Data Analysis

How to find Dead Pages in Google Analytics

Once in a while, I need to identify so-called dead pages on a website – that is, pages with no pageviews. Usually, this is necessary when migrating a website to a new CMS. In that case, it’s useful to know if there are pages that can be safely deleted/omitted (just remember proper redirects). A similar use case is when cleaning up a website in order to remove unnecessary content. However, since Google Analytics only track pages that are visited, it’s not possible to find dead pages in Google Analytics alone since those pages will not show up in any reports.

But it’s actually still possible to find dead pages in Google Analytics if Analytics is combined with something else. The basic approach is simply to have a complete list of pages on the website. Then compare that list to the logged pages in Google Analytics. All pages that are not found in Google Analytics are dead pages. Depending on your selected time frame of course. Continue reading

Data Analysis

How to get Google Analytics data in Excel

Every website owner and web analyst reaches a point where there’s a need to get Google Analytics data in Excel. While the Google Analytics web interface is very user friendly and easy to work with, it quickly becomes an obstacle when doing more advanced analysis. Very often, we also want to do the same analysis from month to month for reporting purposes. Or maybe we need to merge Google Analytics data with other data – and Excel then gives us more tools than the Google Analytics interface.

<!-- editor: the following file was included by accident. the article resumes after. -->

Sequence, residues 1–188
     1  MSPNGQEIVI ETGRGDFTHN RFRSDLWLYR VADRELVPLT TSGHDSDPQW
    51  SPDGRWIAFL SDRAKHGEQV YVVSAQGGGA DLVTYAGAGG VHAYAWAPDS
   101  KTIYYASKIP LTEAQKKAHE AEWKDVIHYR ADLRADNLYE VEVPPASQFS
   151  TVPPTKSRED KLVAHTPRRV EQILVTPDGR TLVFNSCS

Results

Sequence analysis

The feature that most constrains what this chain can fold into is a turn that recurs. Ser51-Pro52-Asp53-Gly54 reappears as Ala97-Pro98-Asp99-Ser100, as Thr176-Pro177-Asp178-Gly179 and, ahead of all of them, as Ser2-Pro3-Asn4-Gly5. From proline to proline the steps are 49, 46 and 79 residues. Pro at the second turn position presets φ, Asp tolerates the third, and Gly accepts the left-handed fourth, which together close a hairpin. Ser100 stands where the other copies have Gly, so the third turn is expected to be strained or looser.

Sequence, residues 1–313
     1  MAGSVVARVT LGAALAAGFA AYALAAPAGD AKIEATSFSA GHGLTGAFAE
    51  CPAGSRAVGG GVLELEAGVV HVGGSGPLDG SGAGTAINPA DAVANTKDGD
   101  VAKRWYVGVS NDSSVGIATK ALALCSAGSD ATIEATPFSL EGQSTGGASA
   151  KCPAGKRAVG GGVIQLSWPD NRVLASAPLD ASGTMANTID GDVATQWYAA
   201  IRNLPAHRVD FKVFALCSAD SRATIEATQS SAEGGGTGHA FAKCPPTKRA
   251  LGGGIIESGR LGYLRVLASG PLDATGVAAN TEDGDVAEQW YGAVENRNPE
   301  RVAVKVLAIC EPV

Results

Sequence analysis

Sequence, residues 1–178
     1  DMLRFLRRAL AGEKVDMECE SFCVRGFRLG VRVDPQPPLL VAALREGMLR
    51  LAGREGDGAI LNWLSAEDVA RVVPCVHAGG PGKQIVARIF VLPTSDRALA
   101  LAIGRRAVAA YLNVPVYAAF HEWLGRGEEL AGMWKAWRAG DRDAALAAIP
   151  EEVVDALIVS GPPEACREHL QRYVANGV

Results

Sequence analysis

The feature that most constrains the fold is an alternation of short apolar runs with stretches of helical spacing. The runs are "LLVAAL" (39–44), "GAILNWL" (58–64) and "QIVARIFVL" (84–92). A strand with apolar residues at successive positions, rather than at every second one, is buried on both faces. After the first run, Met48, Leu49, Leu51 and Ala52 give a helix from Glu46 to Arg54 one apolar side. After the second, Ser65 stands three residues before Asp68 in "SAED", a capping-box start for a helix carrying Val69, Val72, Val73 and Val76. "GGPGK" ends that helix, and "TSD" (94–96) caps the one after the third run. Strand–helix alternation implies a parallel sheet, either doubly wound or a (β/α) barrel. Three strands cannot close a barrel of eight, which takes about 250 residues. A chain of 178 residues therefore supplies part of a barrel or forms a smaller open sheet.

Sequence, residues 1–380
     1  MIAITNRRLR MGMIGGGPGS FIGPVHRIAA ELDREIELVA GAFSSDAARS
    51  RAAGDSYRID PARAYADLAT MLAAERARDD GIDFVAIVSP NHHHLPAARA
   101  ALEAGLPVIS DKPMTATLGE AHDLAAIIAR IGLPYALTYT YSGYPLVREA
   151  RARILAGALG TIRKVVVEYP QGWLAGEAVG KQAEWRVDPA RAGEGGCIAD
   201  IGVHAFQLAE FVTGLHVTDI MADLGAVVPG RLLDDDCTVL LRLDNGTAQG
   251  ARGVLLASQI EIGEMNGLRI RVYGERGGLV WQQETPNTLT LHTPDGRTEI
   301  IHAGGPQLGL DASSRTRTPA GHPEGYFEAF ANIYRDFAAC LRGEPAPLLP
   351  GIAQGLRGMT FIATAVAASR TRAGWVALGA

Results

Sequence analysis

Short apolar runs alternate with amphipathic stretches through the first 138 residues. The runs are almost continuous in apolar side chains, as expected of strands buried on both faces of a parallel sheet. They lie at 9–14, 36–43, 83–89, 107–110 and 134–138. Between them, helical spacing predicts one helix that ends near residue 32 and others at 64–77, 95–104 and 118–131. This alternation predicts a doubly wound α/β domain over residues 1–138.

In this post, I’ll teach you how to import data from Google Analytics directly into Excel – without needing to build and export reports in Google Analytics. You’ll need access to your Google Analytics account (duh!) and you’ll need Microsoft Excel 2007 or later running on a Windows PC.

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Data Analysis

Visualise Google Analytics Revenue by Month and Day with Excel

I am constantly surprised annoyed about how short sighted many sales and marketing people are thinking about ecommerce and online performance. In many organisations, it’s not that big a surprise. People in sales and marketing are very often measured by short term goals. So they are naturally using their weekly or monthly sales reports.

But once in a while, it can be a real eye-opener to take a step back and look at the bigger picture. One way to do that is simply to take a look at your daily revenue over a whole year. It sounds almost stupid, but you can actually learn a lot about Continue reading